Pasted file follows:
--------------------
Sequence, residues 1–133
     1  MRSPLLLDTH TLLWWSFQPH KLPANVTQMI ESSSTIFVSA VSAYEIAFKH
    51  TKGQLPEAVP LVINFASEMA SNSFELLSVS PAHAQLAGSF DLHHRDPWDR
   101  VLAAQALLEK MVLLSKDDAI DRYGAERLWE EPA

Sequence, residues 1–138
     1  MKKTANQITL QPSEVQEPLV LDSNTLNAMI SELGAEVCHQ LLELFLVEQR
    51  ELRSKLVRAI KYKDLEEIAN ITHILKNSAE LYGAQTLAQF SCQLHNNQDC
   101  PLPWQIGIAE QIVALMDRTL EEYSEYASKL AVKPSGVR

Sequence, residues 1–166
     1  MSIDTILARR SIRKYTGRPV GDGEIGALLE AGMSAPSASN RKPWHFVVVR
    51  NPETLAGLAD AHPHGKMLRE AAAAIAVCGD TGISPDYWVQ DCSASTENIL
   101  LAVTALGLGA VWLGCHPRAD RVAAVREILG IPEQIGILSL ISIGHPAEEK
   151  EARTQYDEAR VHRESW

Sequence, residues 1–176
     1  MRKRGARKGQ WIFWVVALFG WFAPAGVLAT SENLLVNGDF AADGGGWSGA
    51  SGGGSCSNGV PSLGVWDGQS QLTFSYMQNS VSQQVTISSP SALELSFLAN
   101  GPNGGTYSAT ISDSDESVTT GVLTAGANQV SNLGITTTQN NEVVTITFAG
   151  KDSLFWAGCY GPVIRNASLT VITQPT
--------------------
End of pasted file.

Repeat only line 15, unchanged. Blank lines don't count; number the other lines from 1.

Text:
     1  MRKRGARKGQ WIFWVVALFG WFAPAGVLAT SENLLVNGDF AADGGGWSGA